Issues Regarding State Funding of Schools

Litigation Challenging the Constitutionality of the State's Education Funding Scheme

Background on the matter, including the nature of the briefs filed on June 30 and an overview of future proceedings, is provided below.

On November 21, 2014, Ketchikan Superior Court Judge William B. Carey ruled in favor of the Ketchikan Gateway Borough and the four private-party plaintiffs, declaring that the Required Local Contribution (RLC) for schools is an unconstitutional dedicated State tax. The Fairbanks North Star Borough participated as amicus, siding with the Ketchikan Gateway Borough.

The RLC, totaling $235,572,619 in FY 2016, is imposed by the State of Alaska on 34 of Alaska’s 145 municipal governments – those that are mandated by the State to establish and operate school districts in fulfillment of the State’s constitutional duties under Article VII, Section 1. The imposition of the RLC on those 34 municipal governments is made without regard to their financial capacity. In contrast, the 19 State educational service areas operated in the unorganized borough (REAAs) are exempt from the RLC, also without regard to their financial capacity. Prior studies commissioned by the Borough Assembly have demonstrated that some of the 34 municipal governments that operate schools are among the more fiscally distressed communities in Alaska, while some of the 19 REAAs have resources that would be the envy of most organized boroughs.

While Judge Carey ruled in favor of the Borough on the main issue – that the RLC is an unconstitutional dedicated State tax – he did not agree with the Borough and the private-party plaintiffs that, in addition to being an illegal State tax, the RLC violated the Appropriations Clause and the Governor’s Veto Clause of the Constitution of the State of Alaska. Neither did Judge Carey order that the State refund to the Borough $4,198,727 in FY 2014 RLC payments and any subsequent RLC payments by the Borough.

State Appealed Unconstitutional Dedicated Tax Issue.

The State of Alaska appealed Judge Carey’s ruling that the RLC is an unconstitutional dedicated State tax.

Five entities were allowed to participate as Amici siding with the State of Alaska. These were NEA-Alaska, Association of Alaska School Boards, Alaska Council of School Administrators, Alaska Superintendents Association, and Citizens for the Educational Advancement of Alaska’s Children (CEAAC). CEAAC’s core support comes from 18 school districts – 11 of which are REAAs -- as well as NEA-Alaska, Cook Inlet Tribal Council, and three individuals. In mid-April of this year, CEAAC announced that it was changing its name to “Coalition for Education Equity.”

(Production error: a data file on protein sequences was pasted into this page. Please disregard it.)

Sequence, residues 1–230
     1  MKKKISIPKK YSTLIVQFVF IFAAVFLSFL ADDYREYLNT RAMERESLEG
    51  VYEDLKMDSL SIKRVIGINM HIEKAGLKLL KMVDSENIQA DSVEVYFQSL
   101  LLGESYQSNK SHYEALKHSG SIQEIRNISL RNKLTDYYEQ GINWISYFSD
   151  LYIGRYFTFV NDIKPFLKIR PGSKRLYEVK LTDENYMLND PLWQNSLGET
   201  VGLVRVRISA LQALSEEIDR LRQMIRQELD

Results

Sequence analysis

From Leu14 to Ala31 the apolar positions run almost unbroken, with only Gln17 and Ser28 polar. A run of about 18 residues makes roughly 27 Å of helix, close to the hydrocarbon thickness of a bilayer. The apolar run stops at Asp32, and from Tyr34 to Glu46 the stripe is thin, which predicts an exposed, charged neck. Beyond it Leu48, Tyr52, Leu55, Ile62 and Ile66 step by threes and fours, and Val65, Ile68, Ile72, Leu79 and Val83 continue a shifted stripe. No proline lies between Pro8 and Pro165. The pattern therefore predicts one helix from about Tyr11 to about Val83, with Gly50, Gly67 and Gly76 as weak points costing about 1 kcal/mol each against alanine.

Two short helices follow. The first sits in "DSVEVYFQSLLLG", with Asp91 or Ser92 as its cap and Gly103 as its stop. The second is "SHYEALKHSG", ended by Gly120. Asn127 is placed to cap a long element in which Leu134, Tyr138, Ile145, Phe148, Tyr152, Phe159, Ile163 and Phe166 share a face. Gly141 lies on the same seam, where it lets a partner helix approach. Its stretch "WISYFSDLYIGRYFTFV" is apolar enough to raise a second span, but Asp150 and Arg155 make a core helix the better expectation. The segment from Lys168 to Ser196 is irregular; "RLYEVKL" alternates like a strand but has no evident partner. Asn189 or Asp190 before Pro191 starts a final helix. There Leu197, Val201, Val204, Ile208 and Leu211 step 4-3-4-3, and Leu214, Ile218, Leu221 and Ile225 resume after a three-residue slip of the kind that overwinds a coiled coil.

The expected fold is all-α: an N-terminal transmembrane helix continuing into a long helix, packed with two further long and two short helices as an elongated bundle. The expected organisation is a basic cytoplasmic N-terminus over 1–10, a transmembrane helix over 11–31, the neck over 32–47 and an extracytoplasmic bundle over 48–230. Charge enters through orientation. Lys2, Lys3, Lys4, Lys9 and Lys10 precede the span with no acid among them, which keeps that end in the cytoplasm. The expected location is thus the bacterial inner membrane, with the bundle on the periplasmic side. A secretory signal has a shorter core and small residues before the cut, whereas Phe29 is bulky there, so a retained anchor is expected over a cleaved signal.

On May 12, 2015, the State filed with the Supreme Court its Opening Brief appealing Judge Carey’s ruling that the RLC violated the Anti-Dedicated Funds Clause of the Constitution. At the same time, the Association of Alaska School Boards, Alaska Council of School Administrators & Alaska Superintendents Association filed one brief jointly as Amici. NEA-Alaska and CEAAC also filed separate briefs as Amici siding with the State on May 12.

On June 30, the Borough and private-party plaintiffs filed their brief advancing the position that the RLC is an unconstitutional dedicated State tax. On June 30, the Fairbanks North Star Borough filed its brief as Amicus on that same issue – the RLC is an unconstitutional dedicated State tax. By July 28, the State will file a Reply Brief addressing the Borough’s June 30 brief. The State’s brief will, of course, advance the argument that the RLC is not a dedicated State tax.

Borough Cross-Appealed Denial of Refund, and Constitutional Issues Regarding Appropriations Clause and Governor’s Veto Clause. Appeal and Cross-Appeal Follow Identical Schedules.

The Borough and private-party plaintiffs filed a cross-appeal on the issues concerning the refund of the FY 2014 RLC payment, the Appropriations Clause, and the Governor’s Veto Clause.

On May 12, the Borough and the private-party plaintiffs filed with the Supreme Court their Opening Brief appealing Judge Carey’s rulings that the RLC did not violate the Appropriations Clause and the Governor’s Veto Clause, and that the Borough is not entitled to a refund of the RLC.

On June 30, the State filed its brief on the three issues appealed by the Borough and the private-party plaintiffs, arguing that the RLC does not violate the Appropriations Clause or the Governor’s Veto Clause, and that the Borough is not entitled to a refund of its FY 2014 and subsequent RLC payments.

By July 28, the Borough will file a Reply Brief addressing the State’s June 30 brief. In its Reply Brief, the Borough will further advance the position that the RLC violates the Appropriations Clause and Governor’s Veto Clause, and that the Borough is entitled to a refund of its FY 2014 and subsequent RLC payments.

Oral Argument Before the Supreme Court in Eleven Weeks

Oral argument before the Supreme Court is expected to occur during the week of September 14, 2015.